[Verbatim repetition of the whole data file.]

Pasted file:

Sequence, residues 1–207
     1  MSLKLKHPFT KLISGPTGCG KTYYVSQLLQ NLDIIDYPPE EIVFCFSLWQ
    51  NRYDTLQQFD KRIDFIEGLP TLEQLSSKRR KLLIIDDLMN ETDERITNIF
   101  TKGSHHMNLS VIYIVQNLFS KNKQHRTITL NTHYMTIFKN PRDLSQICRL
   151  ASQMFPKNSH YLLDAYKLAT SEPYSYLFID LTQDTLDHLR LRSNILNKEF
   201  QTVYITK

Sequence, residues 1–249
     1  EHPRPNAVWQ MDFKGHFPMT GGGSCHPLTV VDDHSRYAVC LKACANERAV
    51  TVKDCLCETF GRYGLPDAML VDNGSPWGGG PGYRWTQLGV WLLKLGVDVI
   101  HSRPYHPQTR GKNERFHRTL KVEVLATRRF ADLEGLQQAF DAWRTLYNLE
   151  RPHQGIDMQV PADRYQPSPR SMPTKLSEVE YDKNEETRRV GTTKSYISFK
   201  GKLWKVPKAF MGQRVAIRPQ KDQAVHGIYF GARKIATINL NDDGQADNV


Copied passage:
Sequence, residues 1–207
     1  MSLKLKHPFT KLISGPTGCG KTYYVSQLLQ NLDIIDYPPE EIVFCFSLWQ
    51  NRYDTLQQFD KRIDFIEGLP TLEQLSSKRR KLLIIDDLMN ETDERITNIF
   101  TKGSHHMNLS VIYIVQNLFS KNKQHRTITL NTHYMTIFKN PRDLSQICRL
   151  ASQMFPKNSH YLLDAYKLAT SEPYSYLFID LTQDTLDHLR LRSNILNKEF
   201  QTVYITK

Sequence, residues 1–249
     1  EHPRPNAVWQ MDFKGHFPMT GGGSCHPLTV VDDHSRYAVC LKACANERAV
    51  TVKDCLCETF GRYGLPDAML VDNGSPWGGG PGYRWTQLGV WLLKLGVDVI
   101  HSRPYHPQTR GKNERFHRTL KVEVLATRRF ADLEGLQQAF DAWRTLYNLE
   151  RPHQGIDMQV PADRYQPSPR SMPTKLSEVE YDKNEETRRV GTTKSYISFK
   201  GKLWKVPKAF MGQRVAIRPQ KDQAVHGIYF GARKIATINL NDDGQADNV